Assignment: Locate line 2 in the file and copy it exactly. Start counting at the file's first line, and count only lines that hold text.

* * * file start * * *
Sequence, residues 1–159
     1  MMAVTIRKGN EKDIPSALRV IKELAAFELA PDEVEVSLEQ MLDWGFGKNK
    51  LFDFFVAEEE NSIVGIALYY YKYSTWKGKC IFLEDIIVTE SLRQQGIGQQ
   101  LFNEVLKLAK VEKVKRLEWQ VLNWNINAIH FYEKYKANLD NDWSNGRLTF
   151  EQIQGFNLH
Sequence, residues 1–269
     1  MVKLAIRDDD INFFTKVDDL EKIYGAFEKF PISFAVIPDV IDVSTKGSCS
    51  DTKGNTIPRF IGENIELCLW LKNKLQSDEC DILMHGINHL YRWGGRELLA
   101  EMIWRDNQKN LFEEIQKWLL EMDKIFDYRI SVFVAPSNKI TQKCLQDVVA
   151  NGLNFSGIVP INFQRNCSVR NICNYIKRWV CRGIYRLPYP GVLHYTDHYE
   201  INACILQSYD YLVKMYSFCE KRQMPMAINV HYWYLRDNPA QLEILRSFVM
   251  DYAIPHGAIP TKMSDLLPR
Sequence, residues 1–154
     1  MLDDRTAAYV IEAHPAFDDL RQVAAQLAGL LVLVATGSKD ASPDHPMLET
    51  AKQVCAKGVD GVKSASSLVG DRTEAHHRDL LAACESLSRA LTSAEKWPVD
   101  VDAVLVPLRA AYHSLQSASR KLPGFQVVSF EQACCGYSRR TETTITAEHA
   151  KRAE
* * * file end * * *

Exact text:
     1  MMAVTIRKGN EKDIPSALRV IKELAAFELA PDEVEVSLEQ MLDWGFGKNK